Seeds taken to the moon by China’s Chang’e-4 mission have sprouted, says China’s National Space Administration. Plants have been grown on the International Space Station but never on the moon. The ability to grow plants on the moon could prove useful for long-term space missions, like a trip to Mars which would take about two-and-a-half years.
The Chinese moon lander carried soil containing cotton and potato seeds, yeast and fruit fly eggs, as part of its cargo. The plants are in a sealed container on board the lander. Plants will try to form a mini biosphere – an artificial, self-sustaining environment.
Will the moon be contaminated?
The lunar mini biosphere experiment on the Chang’e-4 lander is designed to test photosynthesis and respiration – processes in living organisms that result in the production of energy. The whole experiment is contained within an 18cm tall, 3kg canister that was designed by 28 Chinese universities.
Some have raised the question as to whether the experiment risks ‘contaminating’ the moon with biological material, but scientists generally think this is of little concern. And it’s worth reiterating that there are already containers of human waste on the Moon left behind by the Apollo astronauts.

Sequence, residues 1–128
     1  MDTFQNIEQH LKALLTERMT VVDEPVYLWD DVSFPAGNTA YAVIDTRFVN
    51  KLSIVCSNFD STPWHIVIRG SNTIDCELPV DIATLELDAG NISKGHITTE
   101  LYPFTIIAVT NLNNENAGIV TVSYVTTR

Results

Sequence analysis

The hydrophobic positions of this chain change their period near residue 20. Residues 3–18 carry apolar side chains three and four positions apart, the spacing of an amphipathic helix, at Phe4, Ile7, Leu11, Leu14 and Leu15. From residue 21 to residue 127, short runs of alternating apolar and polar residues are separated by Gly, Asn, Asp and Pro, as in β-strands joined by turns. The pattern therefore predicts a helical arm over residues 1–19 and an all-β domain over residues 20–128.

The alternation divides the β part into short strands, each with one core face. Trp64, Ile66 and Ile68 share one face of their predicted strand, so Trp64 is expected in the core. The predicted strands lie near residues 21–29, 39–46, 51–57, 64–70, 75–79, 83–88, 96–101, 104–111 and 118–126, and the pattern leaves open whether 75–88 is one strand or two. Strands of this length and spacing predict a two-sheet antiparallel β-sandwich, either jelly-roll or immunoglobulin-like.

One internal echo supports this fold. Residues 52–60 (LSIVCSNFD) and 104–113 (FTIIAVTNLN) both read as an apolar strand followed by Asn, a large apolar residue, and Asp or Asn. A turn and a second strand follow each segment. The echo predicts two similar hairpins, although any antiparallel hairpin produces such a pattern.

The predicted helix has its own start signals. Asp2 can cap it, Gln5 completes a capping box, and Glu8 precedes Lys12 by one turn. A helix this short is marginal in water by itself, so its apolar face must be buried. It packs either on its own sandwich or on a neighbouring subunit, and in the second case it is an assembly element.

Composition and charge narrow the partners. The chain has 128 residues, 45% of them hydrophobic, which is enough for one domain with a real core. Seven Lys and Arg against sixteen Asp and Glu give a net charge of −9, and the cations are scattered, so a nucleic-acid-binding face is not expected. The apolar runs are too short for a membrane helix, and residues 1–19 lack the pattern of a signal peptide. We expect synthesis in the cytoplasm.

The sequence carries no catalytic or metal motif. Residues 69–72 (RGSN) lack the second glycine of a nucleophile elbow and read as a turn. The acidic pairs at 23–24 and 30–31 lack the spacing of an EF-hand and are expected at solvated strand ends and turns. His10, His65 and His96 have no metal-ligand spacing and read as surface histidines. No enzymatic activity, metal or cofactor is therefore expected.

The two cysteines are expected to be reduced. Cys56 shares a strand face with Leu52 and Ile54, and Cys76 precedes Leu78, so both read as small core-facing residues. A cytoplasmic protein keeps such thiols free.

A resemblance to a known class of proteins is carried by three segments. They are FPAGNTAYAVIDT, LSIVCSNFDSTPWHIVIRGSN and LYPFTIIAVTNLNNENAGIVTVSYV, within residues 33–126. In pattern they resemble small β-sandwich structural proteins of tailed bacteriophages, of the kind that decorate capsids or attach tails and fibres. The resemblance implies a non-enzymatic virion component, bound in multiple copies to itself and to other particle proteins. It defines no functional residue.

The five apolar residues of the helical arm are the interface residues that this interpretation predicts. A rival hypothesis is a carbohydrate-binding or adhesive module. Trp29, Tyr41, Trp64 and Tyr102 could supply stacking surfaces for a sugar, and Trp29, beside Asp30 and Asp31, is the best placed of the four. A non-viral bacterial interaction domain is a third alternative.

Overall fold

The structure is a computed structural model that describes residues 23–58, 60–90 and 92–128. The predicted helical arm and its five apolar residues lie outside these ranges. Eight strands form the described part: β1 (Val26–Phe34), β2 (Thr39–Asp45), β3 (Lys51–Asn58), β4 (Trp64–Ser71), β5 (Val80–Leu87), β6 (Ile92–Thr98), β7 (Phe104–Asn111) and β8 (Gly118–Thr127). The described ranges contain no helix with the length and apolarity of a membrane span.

On Tuesday (15 January 2018), Chinese state media said the cotton seeds had grown buds. Fred Watson, Australian Astronomical Observatory’s astronomer-at-large, told the BBC the development was “good news”. “It suggests that there might not be insurmountable problems for astronauts in future trying to grow their own crops on the moon in a controlled environment.” China’s Xinhua news agency said that the seeds were rendered dormant using “biological technology” during the 20-day journey from earth to the moon. They only started to grow once ground control centre sent a command to the probe to water the seeds. Click here to read the full article. – BBC